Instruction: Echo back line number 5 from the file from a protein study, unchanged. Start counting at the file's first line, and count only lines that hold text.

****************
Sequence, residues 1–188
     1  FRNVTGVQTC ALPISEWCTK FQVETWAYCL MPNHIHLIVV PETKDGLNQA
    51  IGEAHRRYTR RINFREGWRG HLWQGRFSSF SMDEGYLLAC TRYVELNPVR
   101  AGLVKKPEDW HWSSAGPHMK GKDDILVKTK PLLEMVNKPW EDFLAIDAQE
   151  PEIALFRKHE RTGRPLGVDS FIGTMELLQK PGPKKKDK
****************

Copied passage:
   151  PEIALFRKHE RTGRPLGVDS FIGTMELLQK PGPKKKDK